Book Review: Silent Village, Robert Pike

There have been a number of books on the disaster that overran Oradour-sur-Glane on Saturday June 10th 1944 but this is the first one that I have read that finely details the lives of the people who lived in this rural village nestling in the Haute-Vienne area of Vichy France. The nearest large town is Limoges, 14 miles away to which it was connected by a tram which trundled through the countryside taking approx 75 minutes for the journey. People from Oradour travelled into Limoges for work and at weekends the town dwellers would come to the rural retreat for a drink and a meal at one of a number of restaurants in Oradour.

The book’s opening pages show us the maps of the town and its surrounding area, the timeline running from 1906 through to 1983 outlining the significant dates and finally six pages of what the author denotes as “the cast”. These are the names of the inhabitants of the village who we will encounter in the book as they work, live, marry and die and who, in a few instances, were serendipitously absent from the Oradour on June 10th  – and others who, by ill fortune, travelled in on that day and were caught up in the holocaust. The pages of the book are dotted with poignant photographs showing village life of the 30’s and early 40’s – marriages,  owners standing proudly outside their shops and cafes, the village band, young couples dancing. We view them in the full knowledge of what is to befall these innocents and that knowledge makes these photos doubly disturbing.

Oradour then
Public Domain

The author really picks up the story after the First World War when 99 of the men of Oradour and the surrounding villages did not return having been slaughtered on the fields of Flanders. Those that have returned would be either scarred physically or emotionally damaged. The author begins to unravel the petty rivalries  – the right-wing mayor being ousted by the communist who in turn is removed from office after a scandal involving shoes – and how the community of some 650 souls begin to pick up the pieces of life after the war. Essentially Oradour was a rural community dependent on the farms surrounding the village. Cattle, sheep and pigs kept wheels of the society nicely greased and the women developed a cottage industry in hat and glove making. Younger members of the village either went to school there – and the surrounding hamlets would ferry in their own children into Oradour – until the age of 14 or so and then would join their parents in farming the land. Those youngsters with more ambition would get the first tram of the day into Limoges and pursue a job there before returning in the evening. Some might find lodgings in Limoges for the week and return on Friday night or Saturday morning to spend the weekends with their parents. It is unfortunate, in the extreme, that they would be there on Saturday 10th June 1944. On any other weekday they would have still been in Limoges.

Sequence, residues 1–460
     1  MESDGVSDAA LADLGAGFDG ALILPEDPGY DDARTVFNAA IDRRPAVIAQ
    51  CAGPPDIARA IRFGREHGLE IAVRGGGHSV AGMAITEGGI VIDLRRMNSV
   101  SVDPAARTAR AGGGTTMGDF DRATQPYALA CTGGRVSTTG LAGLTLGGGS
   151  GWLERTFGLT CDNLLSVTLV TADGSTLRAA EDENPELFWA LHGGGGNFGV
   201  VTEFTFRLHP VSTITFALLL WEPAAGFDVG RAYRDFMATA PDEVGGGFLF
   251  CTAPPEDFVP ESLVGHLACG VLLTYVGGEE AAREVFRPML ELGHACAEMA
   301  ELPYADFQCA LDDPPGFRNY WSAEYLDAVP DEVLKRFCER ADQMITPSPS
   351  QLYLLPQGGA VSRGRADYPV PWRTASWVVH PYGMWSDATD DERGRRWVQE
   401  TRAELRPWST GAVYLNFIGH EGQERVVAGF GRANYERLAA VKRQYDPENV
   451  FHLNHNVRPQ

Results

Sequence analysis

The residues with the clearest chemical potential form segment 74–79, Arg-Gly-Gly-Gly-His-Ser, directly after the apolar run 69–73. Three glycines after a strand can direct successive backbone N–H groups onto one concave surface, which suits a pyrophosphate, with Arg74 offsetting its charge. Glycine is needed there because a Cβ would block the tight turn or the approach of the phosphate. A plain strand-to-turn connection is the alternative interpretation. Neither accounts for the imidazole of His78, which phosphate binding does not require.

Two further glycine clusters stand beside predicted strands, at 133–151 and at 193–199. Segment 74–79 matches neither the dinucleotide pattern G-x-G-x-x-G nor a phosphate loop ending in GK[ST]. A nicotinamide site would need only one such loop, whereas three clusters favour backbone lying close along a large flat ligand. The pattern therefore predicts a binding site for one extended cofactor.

So we follow the lives of the villagers through the 30’s and the arrival of refugees from the Spanish Civil War who, it would appear, were taken into the community with some degree of reluctance but not with any outright hostility. Some moved on, some stayed within the area and some were to be burned alive in the conflagration of the church that Saturday. The same fate was to befall a number of French refugees from the Occupied zone of Paris and other areas such as Alsace-Lorraine.  Oradour and the area surrounding was seen as quiet, tucked away and unlikely to be harassed by Germans. Indeed this was the case throughout most of the war. The only uniforms likely to be seen in Oradour were those worn by the miliciens, those French who took sides with the Germans and who would report any clandestine activity to the authorities. Not that there was any or much Resistance activity going on in Oradour or the area. The villagers were mostly intent on getting on with their lives unhindered by the Vichy government and below the radar of any German activity.

Which makes the massacre of the 643 inhabitants and the destruction of their whole village on June 10th by SS Panzer Division Das Reich led by Adolf Diekmann all the more of a puzzle.

The author details the massacre hour by hour and we discover the fate of all those who we have got to know through the earlier pages of the book. Women with their babies and children herded into the church, men separated and taken to various barns around the town square. All of them totally unaware of what was about to happen. Those in outlying hamlets who could hear rifle fire coming from Oradour and who worried about their children who had been dropped off earlier in the day for Saturday morning school. Those who inadvertently turned up on the tram from Limoges at just the wrong time. The author has interviewed those who survived – just five – and those who had relatives murdered at Oradour. The placing and timing of events is meticulously described

Sadly, in the aftermath the investigation into who precisely was responsible – apart from Diekmann who was killed in Normandy a couple of months later – was hampered by inaction and an unwillingness to uncover the part played by French miliciens and French men from Alsace Lorraine who had been seconded into German SS divisions. At least two of the survivors recall hearing the “German” soldiers speaking immaculate French in a patois distinguishable as Alsacien.

I can thoroughly recommend this book to GP readers. Even if you know the story already the author has managed to bring to life those unfortunate and innocent villagers through their backstory and which makes the end even more horrific. The village can still be visited today and had remained untouched ever since the massacre.

Oradour now
Roger Ackroyd 2021


© Roger Ackroyd 2021

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